By Julia Meehan
Ryan Bergara, co-host and creator of the popular YouTube series “BuzzFeed Unsolved” spoke to students on Thursday, Oct. 17, in the Mayo Concert Hall.
The show’s YouTube channel, “The BuzzFeed Unsolved Network,” has more than 3 million subscribers. The episodes focus on investigations involving crime or paranormal activities, where Bergara tries to convince his co-host, Shane Madej, that things are more than what they seem.
At the event, which the Asian American Association sponsored, Bergara described himself as “just a dude figuring it out on the fly,” despite drawing a crowd of excited students who started lining up for the event four-and-a-half hours early to hear him speak about his experiences with the show and with being an Asian-American in the media.
“It might surprise all of you, but I never wanted to be a performer,” Bergara said. “I made movies nonstop, and a lot of them were really bad. But some of the films were good enough to get me into film school. Not to toot my own horn, but toot toot.”
After he started film school, he turned his attention to cinematography, which became his passion. Just days before joining the cinematographer’s guild, he was offered an internship at a media startup called BuzzFeed.
“I just trusted my gut,” Bergara said. “Sometimes in life it pays to be headstrong, but as a young person, it also helps to have fluidity.”
Bergara spoke of his intern days fondly.
“I don’t know how else to say this: I made some bangers,” Bergara said.
Soon he transitioned out from behind the camera and began hosting — a move that he was not comfortable with at first.
“I thought I would look like this,” he said, putting an image of a clown onto the screen. “I didn’t want to be up there dancing for the man.”
Later, he realized that he had been training to be in front of the camera the whole time.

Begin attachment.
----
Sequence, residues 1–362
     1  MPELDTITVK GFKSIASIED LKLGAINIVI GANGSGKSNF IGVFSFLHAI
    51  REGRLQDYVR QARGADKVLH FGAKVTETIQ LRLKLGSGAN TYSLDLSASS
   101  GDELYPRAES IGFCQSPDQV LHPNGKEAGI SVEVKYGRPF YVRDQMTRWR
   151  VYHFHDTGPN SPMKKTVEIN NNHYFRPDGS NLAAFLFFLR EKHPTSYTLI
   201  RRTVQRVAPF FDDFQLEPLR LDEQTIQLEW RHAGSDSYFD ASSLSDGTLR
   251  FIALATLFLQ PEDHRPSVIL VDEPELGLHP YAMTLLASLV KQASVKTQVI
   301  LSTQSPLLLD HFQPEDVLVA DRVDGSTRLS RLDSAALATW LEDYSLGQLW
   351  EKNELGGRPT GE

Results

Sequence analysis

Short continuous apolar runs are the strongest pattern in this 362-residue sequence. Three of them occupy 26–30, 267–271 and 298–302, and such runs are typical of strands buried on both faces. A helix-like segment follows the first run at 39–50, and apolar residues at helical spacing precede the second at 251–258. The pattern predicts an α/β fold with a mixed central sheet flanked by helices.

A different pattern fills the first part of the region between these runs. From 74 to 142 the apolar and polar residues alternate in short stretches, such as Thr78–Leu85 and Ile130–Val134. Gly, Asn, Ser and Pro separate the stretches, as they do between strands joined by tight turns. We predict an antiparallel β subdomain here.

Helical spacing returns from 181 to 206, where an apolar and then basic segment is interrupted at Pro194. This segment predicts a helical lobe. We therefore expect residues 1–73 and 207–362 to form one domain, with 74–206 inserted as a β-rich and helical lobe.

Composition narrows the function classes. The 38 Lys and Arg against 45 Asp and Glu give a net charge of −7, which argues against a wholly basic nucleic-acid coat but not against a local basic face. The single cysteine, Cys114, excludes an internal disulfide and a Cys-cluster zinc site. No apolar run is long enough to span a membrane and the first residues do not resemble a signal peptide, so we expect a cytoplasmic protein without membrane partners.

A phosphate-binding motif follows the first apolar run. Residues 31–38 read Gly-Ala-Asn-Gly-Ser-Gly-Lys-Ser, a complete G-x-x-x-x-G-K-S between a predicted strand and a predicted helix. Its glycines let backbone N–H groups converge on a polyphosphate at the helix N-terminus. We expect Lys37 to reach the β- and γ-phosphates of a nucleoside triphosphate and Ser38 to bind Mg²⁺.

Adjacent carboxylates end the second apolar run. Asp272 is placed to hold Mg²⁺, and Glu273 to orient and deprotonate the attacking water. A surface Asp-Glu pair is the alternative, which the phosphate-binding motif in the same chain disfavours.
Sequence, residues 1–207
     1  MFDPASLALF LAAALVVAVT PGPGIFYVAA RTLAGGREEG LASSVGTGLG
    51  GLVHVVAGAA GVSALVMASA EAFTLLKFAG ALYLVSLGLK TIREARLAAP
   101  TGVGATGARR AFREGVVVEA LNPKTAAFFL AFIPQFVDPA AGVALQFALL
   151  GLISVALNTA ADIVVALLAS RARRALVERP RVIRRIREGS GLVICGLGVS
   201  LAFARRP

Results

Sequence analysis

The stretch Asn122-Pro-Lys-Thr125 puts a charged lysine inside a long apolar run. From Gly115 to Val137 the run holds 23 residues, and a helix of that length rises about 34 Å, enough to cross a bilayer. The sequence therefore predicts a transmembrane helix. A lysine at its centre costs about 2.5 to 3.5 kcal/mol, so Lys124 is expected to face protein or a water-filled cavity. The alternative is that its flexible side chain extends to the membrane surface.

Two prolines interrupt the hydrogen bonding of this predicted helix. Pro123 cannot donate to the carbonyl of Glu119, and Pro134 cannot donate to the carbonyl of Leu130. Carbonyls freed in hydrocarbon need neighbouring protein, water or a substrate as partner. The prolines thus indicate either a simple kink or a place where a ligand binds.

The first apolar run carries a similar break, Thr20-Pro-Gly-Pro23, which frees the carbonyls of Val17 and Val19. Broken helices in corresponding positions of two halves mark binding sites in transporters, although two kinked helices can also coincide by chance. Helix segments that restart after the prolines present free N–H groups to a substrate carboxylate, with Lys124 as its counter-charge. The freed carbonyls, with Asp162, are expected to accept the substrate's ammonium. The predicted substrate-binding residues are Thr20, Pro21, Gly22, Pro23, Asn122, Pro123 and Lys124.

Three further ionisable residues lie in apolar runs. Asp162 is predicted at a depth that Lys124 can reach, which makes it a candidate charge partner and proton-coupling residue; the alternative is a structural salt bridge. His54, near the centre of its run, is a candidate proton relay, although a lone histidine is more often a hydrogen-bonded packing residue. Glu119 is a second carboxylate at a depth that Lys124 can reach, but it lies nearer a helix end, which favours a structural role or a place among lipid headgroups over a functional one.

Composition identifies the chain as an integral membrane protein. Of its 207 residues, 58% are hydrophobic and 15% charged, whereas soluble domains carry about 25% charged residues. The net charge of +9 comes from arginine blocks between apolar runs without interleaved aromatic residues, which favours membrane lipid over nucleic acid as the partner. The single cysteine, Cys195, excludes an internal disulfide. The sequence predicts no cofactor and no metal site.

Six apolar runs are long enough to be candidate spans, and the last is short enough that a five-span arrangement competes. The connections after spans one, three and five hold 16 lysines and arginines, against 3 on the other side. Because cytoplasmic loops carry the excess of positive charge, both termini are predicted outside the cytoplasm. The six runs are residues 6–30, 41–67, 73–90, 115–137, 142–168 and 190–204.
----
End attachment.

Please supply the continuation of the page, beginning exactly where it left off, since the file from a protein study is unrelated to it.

“As a kid, I was an insufferable ham,” Bergara said, showing the audience snippets of him singing Christmas carols as a toddler followed by clips from his high school TV station. “Don’t search for this, you won’t find it. It’s private.”
Overall, Bergara was glad with his decision to move in front of the camera.
“I was so obsessed with who I wanted to be that I didn’t stop and try to give who I was a chance,” he said.
Bergara spoke about the evolution of BuzzFeed Unsolved from short clips on true crime to full-blown paranormal investigations.
“Unsolved is a string of different mistakes, but clearly things worked out,” he said.
After the success of BuzzFeed Unsolved, Bergara began to come to terms with his Asian heritage, a side of him that he had never really addressed before.
“I grew up in a Mexican household even though I looked Asian,” Bergara said. “So I kind of just identified as this ameobus dude. Up to the point of ‘Unsolved,’ me being Asian-American didn’t have much to do with me getting anywhere. Now I’m in front of the camera and I have a lot of younger Asian viewers thanking me for representation.”
He attributed the turning point in his view to the release of the 2018 film “Crazy Rich Asians.”
“It made me realize the power of community,” Bergara said. “Here’s a guy that looks like me as a lead in a movie. If he can do that, then why can’t I? Any representation matters in media. I was just making videos on YouTube. I didn’t think I was part of an important movement. I realized being an Asian person in content is only half the battle. It’s passively helpful, but it’s important to own your identity.”
Bergara then described the list of takeaways he wanted the audience to get from his presentation. First, he told the audience to always trust their gut. Second, he advised students to not be too concerned with the future. Lastly, his biggest takeaway was to stop thinking and start doing.
“Create as much as you can, make plenty of mistakes,” Bergara said. “It’s important to create as much as you possibly can in your current iteration.”
Sophomore mathematics major Mirana Baciu found Bergara’s discussion fascinating.
“It was fascinating to hear his story. It was motivational to see how he got where he is right now,” Baciu said.
In the question session that followed the presentation, many people had one idea on their mind: would he be interested in investigating the supposed haunting of Kendall Hall?
His answer: “Maybe.”
“We’d be open to it,” Bergara said. “We’ll look into it.”